It is the same thing in the telecommunications sector. Perhaps one company's bonds were bought and another's were not. Let us be clear. It is not buying these bonds with its own money. The Bank of Canada creates money. When it buys these corporate bonds, it is creating new money right out of thin air, which has an impact on the purchasing power of the money Canadians have worked so hard to earn. In fact, it dilutes that every time new money is created.
In addition to the corporate bonds, it has been buying government bonds, and boy has it ever. It has been on a buying spree for almost two years. From the beginning of the pandemic, when the Prime Minister ran out of other people's money to borrow, he had to turn to the Bank of Canada, and the Bank of Canada was only too happy to oblige.
The Bank of Canada, since about April of 2020, has been bankrolling the Prime Minister's deficit spending to the tune of about $400 billion. That is $400 billion of new money created right out of thin air. That is what is causing the inflation today, and that is why Canadians have a right to know what the bank was doing and what criteria it was following, and report back to Parliament and ultimately to Canadians.
We have never seen this type of intervention in our monetary policy in our nation's history. Back in the great global recession of 2008, the previous Conservative government held the line on monetary policy. It was a difficult time. Many of my colleagues were in the House at that time. A lot of difficult decisions had to be made, but the previous Conservative government understood that if money starts to be printed out of thin air it makes an already difficult situation even worse.
That is what we are seeing today as we are coming out of the pandemic, after two years of hardship and the emotional toll it took on Canadians individually. People had to go long periods of time without seeing their loved ones. Many small business owners were watching their entire life's work evaporate as restrictions prevented them from opening their doors and serving their customers.
Coming out of that, now Canadians are being faced with punitive rates of inflation. Things that had cost $10 or $12 are now going for $18 or $20. One almost needs to get a pre-approval on a new loan to go grocery shopping these days as we see the prices escalating. Tools, lumber and all types of everyday purchases Canadians make are going up and up. The government would have us believe this is just something that happens and that it is like the weather: “We are going through an unexpected cloudy period, and inflation is up a little this quarter.” That is nonsense. Inflation does not just happen. It is a direct result of the monetary policy of the Bank of Canada working hand in hand with the government of the day. That is why this proposed act is so necessary. We need to restore the independence of the Bank of Canada.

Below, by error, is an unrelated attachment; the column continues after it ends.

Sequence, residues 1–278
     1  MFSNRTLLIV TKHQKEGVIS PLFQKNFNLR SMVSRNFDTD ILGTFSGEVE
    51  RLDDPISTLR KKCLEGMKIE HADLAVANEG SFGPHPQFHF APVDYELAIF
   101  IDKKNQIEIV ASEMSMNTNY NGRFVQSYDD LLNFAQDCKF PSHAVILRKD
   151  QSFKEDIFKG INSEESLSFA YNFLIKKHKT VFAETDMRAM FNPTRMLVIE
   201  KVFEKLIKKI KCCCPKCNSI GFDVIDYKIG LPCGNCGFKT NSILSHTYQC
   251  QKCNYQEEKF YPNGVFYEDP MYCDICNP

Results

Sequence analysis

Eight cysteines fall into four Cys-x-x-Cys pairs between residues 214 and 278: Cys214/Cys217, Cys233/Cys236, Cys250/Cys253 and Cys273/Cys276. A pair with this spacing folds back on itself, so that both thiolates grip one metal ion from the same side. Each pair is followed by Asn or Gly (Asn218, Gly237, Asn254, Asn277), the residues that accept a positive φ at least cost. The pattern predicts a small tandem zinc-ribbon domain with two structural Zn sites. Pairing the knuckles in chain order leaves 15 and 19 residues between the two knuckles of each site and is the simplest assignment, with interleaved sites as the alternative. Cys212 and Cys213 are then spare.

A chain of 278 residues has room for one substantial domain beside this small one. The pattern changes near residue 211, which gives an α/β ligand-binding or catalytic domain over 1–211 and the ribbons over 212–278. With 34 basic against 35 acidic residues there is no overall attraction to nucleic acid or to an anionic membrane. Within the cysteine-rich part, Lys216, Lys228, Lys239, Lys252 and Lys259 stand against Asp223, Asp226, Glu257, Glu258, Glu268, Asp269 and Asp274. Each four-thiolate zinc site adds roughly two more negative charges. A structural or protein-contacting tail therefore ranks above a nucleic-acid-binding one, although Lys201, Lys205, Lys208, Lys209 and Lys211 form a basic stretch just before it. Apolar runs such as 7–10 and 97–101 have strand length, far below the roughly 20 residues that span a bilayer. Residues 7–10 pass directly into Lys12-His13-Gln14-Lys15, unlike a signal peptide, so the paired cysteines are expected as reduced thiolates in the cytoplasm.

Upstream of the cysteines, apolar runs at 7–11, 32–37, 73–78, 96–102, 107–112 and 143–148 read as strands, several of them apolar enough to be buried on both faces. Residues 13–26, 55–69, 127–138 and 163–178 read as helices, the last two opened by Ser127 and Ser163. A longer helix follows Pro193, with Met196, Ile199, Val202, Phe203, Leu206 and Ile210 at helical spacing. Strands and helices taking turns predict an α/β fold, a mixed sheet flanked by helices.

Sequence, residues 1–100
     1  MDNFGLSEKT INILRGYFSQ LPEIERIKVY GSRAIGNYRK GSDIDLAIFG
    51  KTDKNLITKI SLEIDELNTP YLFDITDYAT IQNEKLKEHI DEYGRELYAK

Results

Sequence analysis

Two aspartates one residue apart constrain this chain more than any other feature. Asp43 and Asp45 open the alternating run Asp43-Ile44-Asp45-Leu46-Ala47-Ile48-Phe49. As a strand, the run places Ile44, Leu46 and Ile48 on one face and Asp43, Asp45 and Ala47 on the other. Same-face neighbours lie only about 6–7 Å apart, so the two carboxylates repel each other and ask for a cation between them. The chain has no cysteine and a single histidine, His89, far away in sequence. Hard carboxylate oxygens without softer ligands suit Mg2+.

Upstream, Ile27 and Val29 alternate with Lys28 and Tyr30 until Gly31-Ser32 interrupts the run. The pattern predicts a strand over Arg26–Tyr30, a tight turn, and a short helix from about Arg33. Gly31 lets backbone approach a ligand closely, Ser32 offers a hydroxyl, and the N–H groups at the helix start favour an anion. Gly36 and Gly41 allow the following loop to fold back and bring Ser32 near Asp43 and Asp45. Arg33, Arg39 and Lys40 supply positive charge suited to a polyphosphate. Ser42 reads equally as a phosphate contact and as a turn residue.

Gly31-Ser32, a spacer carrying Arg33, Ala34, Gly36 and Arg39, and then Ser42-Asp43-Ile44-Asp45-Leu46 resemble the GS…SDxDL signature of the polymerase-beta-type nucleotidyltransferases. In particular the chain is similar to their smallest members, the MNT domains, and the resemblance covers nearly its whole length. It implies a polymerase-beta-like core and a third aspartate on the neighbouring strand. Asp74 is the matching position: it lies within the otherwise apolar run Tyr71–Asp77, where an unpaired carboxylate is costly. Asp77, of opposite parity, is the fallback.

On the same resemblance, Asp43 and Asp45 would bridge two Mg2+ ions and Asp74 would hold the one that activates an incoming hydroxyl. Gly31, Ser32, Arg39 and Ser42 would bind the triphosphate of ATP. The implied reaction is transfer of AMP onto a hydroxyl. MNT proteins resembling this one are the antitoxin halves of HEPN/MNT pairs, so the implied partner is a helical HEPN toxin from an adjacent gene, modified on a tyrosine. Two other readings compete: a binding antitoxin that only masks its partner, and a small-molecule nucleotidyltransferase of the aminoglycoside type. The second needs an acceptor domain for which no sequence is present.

The Bank of Canada's independence has been undermined by the government's decisions to bankroll its deficit spending with all that new money creation. That is why prices are going up today. It is actually rather simple. If we have the same number of goods but dramatically increase the number of dollars going around, prices will go up. It is not rocket science. In fact, these are basic laws of economics. More dollars chasing fewer goods equals inflation. That is precisely what we are seeing today.
The government will try to have us believe inflation is happening because of external factors. Do members remember when it tried to blame the war on Ukraine? It tried to blame inflation on Putin's illegal invasion of Ukraine. Guess what? Inflation was happening long before the invasion of Ukraine. The previous summer, on the eve of the election, inflation was already ticking up to record levels.
We all remember the famous quote the Prime Minister said in the middle of an election when inflation was only at about 4%. Do members remember those days, when inflation was only as bad as 4%? Our party started to challenge the Prime Minister and the Liberals on this and highlighted to Canadians it was their economic policy causing the inflation. What did the Prime Minister come back with? He said, “you'll forgive me if I don't think about monetary policy.” Well, we do not forgive him. He should think about monetary policy. I guess he does not understand it, otherwise he would know that he is to blame for all that inflation.